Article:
Hire Only Experts (CFFL 0129)   

Hire Only Experts

Jack Butala: Hire Only Experts. Every Single month we give away a property for free. It’s super simple to qualify. Two simple steps. Leave us your feedback for this podcast on iTunes and number two, get the free ebook at landacademy.com, you don’t even have to read it. Thanks for listening.

Jack Butala:
Jack Butala from Land Academy. Welcome to our Cash Flow From Land show. In this episode, Jill and I talk about why you should only hire experts to help you succeed in the land business and probably really anything else for that matter. I think I’m including us in that. I know I am. Great show today. As always, we’re going to tell it just like we see it, call it like we see it. Before we get right to the topic, let’s take a question from a caller.

Jill DeWit:
Okay. Barry from Portland called in and asked, “I know I want to be in this business, and I’m thinking about my first property. Should I try on my own first? With a mentor? When will I know I’m ready?” Steven, you wanna weigh in first?

Jack Butala:
Yeah, my short answer is yes, yes and yes.

Jill DeWit:
Right.

Jack Butala:
Jill and I have had the great fortune of having a ton of members by now. I mean company’s, the Land Academy company is only a year old, Jill?

Jill DeWit:
Mm-hmm (affirmative).

Jack Butala:
A year-and-a-half or so. The land company itself is a decade-and-a-half old, plus. We’ve got a lot of experience. What I’m noticing is that these first, what I call the first deal jitters, apparently what Barry has a little bit here from Portland. Getting past that first deal is a bigger issue than I thought it would be …

Jill DeWit:
It’s huge.

Jack Butala:
… for a lot of people, and a lot of our members.

Jill DeWit:
It’s huge.

Jack Butala:
Jill, go ahead. You always have a pretty consistent answer with this. Go ahead. Well, how would you answer it? I kinda answered it.

Jill DeWit:
Should I try on my own? Yes. With a mentor? Preferably. Gosh, when will you know you’re ready? You won’t. That’s what I say.

Jack Butala:
Like children.

Jill DeWit:
You don’t know you’re ready. You just have to dive in. It’s like jumping off the deep end. You’re going to jump in, you’re going to be fine, you’re going to swim, you’re going to be okay, but you have got to just do it. Yes, you’re going to be clunky at first, you might make a few mistakes at first.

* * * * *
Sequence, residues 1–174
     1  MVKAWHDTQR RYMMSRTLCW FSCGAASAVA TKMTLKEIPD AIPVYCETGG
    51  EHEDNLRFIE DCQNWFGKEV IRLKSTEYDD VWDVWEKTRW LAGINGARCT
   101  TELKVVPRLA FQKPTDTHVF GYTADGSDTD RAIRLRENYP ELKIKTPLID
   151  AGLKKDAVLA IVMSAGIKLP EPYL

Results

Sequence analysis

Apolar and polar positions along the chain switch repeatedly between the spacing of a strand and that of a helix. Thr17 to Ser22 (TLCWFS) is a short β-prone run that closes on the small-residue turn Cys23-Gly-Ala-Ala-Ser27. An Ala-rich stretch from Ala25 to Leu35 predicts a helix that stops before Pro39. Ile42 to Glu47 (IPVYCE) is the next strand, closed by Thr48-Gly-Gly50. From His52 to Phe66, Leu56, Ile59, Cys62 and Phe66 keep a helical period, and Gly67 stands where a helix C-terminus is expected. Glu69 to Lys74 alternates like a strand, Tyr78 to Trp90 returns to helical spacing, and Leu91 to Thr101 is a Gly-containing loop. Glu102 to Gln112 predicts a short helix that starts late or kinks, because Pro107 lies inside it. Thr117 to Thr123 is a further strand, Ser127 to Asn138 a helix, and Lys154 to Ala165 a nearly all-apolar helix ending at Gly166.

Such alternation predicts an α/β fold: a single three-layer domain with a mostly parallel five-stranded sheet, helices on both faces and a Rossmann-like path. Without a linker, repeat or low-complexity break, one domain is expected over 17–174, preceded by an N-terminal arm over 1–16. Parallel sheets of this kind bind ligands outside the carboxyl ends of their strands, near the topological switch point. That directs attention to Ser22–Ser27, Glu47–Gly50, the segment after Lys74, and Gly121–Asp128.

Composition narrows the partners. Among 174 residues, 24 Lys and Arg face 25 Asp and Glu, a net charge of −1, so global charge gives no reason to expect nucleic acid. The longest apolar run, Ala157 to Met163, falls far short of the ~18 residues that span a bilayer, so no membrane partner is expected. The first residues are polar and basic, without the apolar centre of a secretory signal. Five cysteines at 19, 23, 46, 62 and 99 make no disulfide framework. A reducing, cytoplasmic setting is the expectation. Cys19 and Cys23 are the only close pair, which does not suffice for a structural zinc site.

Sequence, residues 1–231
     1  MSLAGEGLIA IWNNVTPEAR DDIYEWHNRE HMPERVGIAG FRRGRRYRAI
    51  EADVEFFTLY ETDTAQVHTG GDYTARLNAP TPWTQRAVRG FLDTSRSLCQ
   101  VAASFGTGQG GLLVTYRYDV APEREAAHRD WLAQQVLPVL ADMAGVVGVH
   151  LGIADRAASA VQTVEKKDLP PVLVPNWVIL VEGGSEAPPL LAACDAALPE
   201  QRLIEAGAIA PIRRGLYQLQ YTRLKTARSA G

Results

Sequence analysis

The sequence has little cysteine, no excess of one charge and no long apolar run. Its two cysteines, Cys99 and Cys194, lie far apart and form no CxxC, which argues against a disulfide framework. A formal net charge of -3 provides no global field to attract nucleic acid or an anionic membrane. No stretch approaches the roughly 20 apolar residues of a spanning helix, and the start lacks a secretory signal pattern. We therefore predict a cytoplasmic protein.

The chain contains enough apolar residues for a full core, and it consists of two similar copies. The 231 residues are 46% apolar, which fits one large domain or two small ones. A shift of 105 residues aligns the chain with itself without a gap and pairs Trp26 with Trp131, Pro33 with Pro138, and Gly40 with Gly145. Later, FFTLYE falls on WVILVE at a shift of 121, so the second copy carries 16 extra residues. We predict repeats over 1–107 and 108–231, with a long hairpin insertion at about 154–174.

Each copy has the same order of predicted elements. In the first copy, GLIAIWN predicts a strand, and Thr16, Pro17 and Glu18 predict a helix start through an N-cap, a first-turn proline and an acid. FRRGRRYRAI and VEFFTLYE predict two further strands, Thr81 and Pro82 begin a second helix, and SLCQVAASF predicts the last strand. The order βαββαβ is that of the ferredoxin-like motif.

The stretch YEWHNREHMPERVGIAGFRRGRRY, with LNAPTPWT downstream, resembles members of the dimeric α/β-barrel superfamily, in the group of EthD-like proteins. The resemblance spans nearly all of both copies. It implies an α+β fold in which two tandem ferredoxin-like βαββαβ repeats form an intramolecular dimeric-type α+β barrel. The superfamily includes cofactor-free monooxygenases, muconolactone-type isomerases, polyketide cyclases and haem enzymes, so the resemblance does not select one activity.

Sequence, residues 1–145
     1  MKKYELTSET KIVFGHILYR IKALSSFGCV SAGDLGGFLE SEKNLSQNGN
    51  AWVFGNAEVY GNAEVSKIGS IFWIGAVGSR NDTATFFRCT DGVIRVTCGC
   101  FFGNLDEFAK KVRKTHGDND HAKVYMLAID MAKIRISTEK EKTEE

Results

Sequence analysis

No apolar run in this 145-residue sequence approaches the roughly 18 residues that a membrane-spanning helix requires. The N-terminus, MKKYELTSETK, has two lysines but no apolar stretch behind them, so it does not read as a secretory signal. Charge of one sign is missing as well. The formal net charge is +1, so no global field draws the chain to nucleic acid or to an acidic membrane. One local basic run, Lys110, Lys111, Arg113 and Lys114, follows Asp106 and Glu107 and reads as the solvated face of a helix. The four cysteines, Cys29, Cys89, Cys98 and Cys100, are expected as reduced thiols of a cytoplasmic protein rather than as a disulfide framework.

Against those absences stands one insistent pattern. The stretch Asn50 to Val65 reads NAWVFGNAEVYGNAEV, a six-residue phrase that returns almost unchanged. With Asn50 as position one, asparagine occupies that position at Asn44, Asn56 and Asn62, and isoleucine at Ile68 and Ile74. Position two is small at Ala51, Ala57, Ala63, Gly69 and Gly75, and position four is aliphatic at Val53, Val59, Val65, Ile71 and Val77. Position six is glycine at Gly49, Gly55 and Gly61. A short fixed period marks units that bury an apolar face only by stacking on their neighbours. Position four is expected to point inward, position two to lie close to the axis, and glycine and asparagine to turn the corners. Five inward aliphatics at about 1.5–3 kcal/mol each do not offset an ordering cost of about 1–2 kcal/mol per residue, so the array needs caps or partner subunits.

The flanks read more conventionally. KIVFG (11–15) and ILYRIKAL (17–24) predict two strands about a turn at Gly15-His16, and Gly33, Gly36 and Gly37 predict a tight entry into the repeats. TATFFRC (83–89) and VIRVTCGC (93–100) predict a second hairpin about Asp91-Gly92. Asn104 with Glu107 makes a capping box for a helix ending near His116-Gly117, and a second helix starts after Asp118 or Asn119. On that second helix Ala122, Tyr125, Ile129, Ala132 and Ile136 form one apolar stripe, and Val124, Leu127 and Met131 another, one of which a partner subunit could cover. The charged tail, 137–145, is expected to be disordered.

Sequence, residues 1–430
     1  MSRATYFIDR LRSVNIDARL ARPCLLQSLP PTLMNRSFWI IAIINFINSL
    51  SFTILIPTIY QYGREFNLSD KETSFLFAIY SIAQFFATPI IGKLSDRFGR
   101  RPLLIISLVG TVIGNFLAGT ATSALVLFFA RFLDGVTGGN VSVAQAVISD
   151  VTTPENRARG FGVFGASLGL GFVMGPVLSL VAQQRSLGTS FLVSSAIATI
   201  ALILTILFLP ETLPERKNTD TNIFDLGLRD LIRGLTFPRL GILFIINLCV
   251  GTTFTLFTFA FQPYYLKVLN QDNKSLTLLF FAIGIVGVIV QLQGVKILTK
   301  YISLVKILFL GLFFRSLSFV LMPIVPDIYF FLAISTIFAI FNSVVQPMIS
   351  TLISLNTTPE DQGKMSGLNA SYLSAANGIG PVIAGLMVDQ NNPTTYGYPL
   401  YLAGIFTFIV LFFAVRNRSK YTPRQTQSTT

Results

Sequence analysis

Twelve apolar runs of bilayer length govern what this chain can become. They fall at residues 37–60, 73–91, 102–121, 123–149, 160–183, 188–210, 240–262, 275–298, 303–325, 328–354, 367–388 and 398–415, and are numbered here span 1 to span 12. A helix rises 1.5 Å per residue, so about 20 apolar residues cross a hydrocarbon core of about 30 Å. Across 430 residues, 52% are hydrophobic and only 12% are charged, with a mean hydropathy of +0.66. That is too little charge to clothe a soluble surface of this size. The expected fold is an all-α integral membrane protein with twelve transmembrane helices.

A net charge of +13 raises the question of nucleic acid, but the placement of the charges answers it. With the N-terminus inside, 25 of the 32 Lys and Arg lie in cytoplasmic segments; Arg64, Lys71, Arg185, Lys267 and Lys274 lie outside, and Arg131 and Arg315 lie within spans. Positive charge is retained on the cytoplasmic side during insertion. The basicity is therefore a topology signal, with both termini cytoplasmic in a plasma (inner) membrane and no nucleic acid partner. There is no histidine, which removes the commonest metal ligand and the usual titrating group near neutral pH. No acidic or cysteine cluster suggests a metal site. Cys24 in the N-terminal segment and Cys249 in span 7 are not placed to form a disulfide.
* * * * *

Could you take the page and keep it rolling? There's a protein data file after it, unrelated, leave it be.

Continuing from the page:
Jack Butala:
You have to just do it, man.

Jill DeWit:
You might over pay for a mailer or something stupid, you know what I mean.

Jack Butala:
Not with us you won’t.

Jill DeWit:
You know what I mean. But you learn. You will figure it out.

Jack Butala:
Buy a property. If you are concerned about this, Barry from Portland. Buy a property, somewhere that you can find one, it doesn’t have to be from us or anywhere. Go on land watch, find the cheapest property you can find, I don’t know a couple hundred bucks, buy it. Deed it to your wife, have it deeded to yourself so you get all of that out of your system. In my opinion it is very easier to deed a property to someone than it is to register your car. Re-post it on land watch. Whatever your talents are, re-post it on land watch or anywhere else that you can find on the internet, Zilla, Trulia, for twice as much. If you are paying two or three or four hundred bucks, list it for 8 or 9 hundred, and take the best offer. Go through the whole process without the intention of making a ton of money but just to get it out of your system and just get past it.

Jill DeWit:
Mm-hmm (affirmative).

Jack Butala:
That’s my answer for that.

Jill DeWit:
That is exactly what I say too. Same thing. Then I tell people the same thing, it is funny because you can find things under $500. You’re not worrying about it, you only spent $500, kind of thing. If it takes weeks while you figure this out and then just sell, who cares.

Jack Butala:
Mm-hmm (affirmative).

Jill DeWit:
You’re not spending $10,000 or $80,000. I think that is where people, I don’t know, they get hung up. They are going for some things that maybe they shouldn’t be going for yet. I agree with you Steven.

Jack Butala:
Somebody asked me this question a long time ago and it stuck with me obviously. This is what she said, she kept saying it over and over again, “How do you know, Steve? How do you know?” And I said how do I know what. “How do you know what you’re doing is going to work or that it works? How do you know?” What she was really asking me after she said it four times, or fourteen or something like that, it was enough for me to remember it over the years, what she was asking me was how do I pick the right property so that I know, you know, so that I know we are going to make at least double our money on it or maybe more, when I sell it. Here is the answer, I go and research what the stuff is worth based on comparable sales at the time. Either comparable sales or existing postings or I don’t know. You just do a bunch of research, it is pretty simple.